Yesterday, the Trump administration announced its decision to end Temporary Protected Status (TPS) for 2,500 Nicaraguans in the United States. The administration did not, however, make announcements for the status of 57,000 Hondurans living in the states under the same two-year protection designation. The groups were protected from deportation beginning in 1998 after Hurricane Mitch. Since this time, their TPS protections have been consistently renewed. Other countries are still waiting for an announcement from the Trump Administration. Roughly 200,000 Salvadorians and 50,000 Haitians have statuses that will expire in early 2018.
Monday’s announcement outlined that Nicaraguans will have until January 5th of 2019 to leave the country or update their status of residency. TPS was initially constructed by congress in 1990 with goals of providing a safe haven for peoples whose home country was deemed too unstable, unhealthy, or too damaged to live in. Trump officials argue that this has gone on too long and serves as a blatant disregard for domestic immigration policy.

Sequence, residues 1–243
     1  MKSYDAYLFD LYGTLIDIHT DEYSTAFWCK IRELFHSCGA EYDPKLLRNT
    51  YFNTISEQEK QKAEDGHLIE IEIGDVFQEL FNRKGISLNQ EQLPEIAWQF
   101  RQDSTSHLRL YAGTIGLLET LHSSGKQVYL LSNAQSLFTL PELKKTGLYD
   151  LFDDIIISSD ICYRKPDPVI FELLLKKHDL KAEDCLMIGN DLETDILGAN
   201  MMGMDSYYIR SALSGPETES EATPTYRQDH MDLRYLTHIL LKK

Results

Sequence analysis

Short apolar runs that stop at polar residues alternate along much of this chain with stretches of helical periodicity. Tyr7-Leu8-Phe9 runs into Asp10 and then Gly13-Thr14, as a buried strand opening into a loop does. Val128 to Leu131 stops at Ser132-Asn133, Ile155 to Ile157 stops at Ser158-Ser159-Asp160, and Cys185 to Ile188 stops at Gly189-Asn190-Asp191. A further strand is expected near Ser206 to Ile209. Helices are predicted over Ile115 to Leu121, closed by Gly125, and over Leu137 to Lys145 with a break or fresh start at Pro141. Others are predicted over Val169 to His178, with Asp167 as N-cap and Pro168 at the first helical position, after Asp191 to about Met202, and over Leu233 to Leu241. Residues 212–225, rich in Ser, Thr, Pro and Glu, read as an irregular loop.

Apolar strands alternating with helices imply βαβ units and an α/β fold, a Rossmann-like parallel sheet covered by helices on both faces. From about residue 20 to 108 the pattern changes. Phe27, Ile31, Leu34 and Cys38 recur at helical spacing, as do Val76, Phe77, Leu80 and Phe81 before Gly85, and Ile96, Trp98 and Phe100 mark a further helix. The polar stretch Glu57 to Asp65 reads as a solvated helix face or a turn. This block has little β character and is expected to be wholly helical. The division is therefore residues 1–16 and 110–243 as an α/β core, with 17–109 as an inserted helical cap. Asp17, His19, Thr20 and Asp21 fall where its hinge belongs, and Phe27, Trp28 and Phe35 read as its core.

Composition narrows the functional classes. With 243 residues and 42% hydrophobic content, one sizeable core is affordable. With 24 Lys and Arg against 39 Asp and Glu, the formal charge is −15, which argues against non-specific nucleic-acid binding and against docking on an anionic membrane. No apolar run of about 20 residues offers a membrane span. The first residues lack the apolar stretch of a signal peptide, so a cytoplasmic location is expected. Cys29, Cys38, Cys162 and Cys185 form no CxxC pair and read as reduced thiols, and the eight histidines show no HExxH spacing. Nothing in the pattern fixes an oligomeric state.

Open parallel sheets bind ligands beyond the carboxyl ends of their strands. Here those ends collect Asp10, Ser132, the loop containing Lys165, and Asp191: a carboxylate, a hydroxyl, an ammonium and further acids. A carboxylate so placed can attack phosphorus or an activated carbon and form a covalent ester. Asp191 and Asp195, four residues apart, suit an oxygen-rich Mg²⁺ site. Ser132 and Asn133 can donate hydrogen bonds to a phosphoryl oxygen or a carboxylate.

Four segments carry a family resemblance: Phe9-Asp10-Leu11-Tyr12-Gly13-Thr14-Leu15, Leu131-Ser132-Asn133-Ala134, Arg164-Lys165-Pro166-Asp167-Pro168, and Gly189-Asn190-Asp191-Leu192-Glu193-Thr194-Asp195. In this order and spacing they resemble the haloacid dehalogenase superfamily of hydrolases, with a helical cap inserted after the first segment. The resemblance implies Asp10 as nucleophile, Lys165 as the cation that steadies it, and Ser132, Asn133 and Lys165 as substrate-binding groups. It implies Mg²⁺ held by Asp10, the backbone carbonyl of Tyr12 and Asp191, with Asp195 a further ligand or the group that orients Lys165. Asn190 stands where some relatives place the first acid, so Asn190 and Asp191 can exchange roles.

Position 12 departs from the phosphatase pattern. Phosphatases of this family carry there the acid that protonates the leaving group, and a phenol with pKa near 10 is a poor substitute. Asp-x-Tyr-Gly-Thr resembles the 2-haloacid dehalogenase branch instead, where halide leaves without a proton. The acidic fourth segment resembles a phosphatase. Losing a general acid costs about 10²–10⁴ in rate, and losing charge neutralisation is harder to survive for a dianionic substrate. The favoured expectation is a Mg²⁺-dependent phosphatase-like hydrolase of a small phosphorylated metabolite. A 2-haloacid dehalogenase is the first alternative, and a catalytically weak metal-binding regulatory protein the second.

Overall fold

Our Verdict: The decision to end TPS for these groups will inevitably uproot the lives of hardworking individuals, and likely tear families apart. House Minority Leader Nancy Pelosi called the decision “cowardly” and claimed it serves as a “cowardly assault on thousands of families in communities across the nation”. It is crucial to remember that these are individuals not numbers. The U.S. is a country made up of immigrants. It is important to consider whether or not policy action like this coincides with American values or, kind, inclusive, morals in general?